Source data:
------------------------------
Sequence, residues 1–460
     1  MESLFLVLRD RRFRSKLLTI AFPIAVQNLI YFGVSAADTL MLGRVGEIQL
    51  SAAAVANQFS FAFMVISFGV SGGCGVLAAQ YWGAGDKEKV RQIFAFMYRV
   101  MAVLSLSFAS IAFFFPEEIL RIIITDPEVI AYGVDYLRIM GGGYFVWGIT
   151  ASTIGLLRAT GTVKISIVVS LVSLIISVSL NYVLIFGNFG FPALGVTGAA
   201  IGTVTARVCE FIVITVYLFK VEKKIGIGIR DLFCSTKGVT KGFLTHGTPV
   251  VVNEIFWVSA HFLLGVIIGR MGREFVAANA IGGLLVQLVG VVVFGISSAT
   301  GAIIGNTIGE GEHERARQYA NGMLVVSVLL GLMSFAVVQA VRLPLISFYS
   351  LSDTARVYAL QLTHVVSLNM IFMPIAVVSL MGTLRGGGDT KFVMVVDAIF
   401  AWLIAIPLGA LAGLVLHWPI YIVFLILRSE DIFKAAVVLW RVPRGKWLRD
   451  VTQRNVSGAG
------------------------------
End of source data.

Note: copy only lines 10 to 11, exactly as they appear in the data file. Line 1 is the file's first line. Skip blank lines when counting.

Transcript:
   401  AWLIAIPLGA LAGLVLHWPI YIVFLILRSE DIFKAAVVLW RVPRGKWLRD
   451  VTQRNVSGAG